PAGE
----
But my path was not without roadblocks. I saw all the ups and down that comes in the way of a self-published author. There were haters who did what they could do to pull me down.
But there were also readers who wrote me long letters and suggested my book to others.
I am thankful that most part of the journey has been pleasant.
Your memories associated with the first book?
First book is always close to heart. I still remember biting off all my nails waiting to hear from my first beta-reader. If I hadn’t got the encouragement I got from her at that stage, I wouldn’t have become an author today.
I remember the happiness I felt the day the book was launched, signing the book for friends and readers and posing for photos.
I remember the first mail from a reader and also the first review I received.
Such things will always be cherished.
How did becoming a self-published author help?
I began as a traditionally published short story writer. All my short stories (5 stories published in different anthologies) got me readers. From these, I didn’t earn even a rupee.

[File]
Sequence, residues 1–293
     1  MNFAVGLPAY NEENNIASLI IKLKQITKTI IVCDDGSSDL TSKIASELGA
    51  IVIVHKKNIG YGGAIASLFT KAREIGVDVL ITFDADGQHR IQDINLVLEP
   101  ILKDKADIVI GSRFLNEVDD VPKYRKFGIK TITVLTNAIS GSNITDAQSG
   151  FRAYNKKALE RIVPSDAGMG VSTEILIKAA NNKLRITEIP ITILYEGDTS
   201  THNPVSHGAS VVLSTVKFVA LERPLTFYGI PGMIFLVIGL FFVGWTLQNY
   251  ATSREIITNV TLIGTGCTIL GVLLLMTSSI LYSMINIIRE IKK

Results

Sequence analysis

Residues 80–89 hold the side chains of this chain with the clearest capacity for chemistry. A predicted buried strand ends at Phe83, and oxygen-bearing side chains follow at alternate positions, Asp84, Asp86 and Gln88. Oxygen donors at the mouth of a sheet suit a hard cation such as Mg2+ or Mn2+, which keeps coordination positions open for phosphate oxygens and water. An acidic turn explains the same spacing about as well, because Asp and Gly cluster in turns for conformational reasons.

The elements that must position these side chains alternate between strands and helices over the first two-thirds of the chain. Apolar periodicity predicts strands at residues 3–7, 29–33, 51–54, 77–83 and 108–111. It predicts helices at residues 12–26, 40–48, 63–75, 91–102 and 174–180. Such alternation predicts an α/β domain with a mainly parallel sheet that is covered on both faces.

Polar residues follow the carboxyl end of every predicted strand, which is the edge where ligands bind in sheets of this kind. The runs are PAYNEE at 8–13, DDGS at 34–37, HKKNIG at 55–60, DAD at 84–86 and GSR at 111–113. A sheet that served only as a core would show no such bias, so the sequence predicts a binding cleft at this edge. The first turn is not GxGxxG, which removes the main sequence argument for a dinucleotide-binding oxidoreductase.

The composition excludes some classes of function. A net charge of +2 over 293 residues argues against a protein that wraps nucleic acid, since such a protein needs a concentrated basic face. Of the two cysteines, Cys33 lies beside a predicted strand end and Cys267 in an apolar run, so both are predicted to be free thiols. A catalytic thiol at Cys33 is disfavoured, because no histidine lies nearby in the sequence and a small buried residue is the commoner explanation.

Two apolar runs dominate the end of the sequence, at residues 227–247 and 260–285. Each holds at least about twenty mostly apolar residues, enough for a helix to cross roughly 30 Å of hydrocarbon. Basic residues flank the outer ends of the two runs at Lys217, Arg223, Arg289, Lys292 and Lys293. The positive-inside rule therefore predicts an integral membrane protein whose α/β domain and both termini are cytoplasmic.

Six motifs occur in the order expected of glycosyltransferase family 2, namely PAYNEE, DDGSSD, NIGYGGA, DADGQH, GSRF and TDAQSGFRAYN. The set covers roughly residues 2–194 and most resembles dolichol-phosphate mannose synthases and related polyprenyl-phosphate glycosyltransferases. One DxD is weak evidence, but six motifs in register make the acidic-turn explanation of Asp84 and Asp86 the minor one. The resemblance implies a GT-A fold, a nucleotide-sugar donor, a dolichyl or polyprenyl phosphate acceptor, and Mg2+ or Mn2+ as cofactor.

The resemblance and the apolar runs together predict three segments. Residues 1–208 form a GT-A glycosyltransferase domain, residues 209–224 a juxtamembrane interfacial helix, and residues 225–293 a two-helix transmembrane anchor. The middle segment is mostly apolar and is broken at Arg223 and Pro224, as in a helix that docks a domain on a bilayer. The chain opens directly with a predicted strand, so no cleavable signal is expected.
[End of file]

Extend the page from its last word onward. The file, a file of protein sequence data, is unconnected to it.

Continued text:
But after I self-published my first novel, I began to earn from my writing. Also, I began to be recognised as an author.
My submissions to traditional publishers were given more importance than before. Recently, I signed two contracts with Juggernaut books. One for a single short story and the other for 9 short stories. I was paid for my work.
In a way, self-publishing made the journey to become a traditionally published author easier.
Is it a satisfying alternative?
It is a very satisfying and easy way to earn from your writing.
When you are a self-published author, you get to know the exact details of the number of books that are being sold, the number of pages that are being read and also the region where the book is being read or bought by logging onto your Amazon KDP account. It doesn’t matter whether your book is selling thousands of copies per day or just a few copies. Every detail is available to you.
All these details are never available to any traditionally published author without the data being tampered with by the publisher if I believe the tales I heard from many of my traditionally published author friends.
With Amazon KDP, it’s very easy to become addicted to self-publishing because of this transparency.
I know many other self-published authors as well who are making a living just from their eBooks.
Another point is you don’t need to wait for long to see your book published when you are self-publishing. If you’re going through the traditional route, there is a waiting period of minimum 6 months or a few years to get your book published.
Using Amazon KDP, your book gets published within a day and it becomes available to the reader immediately.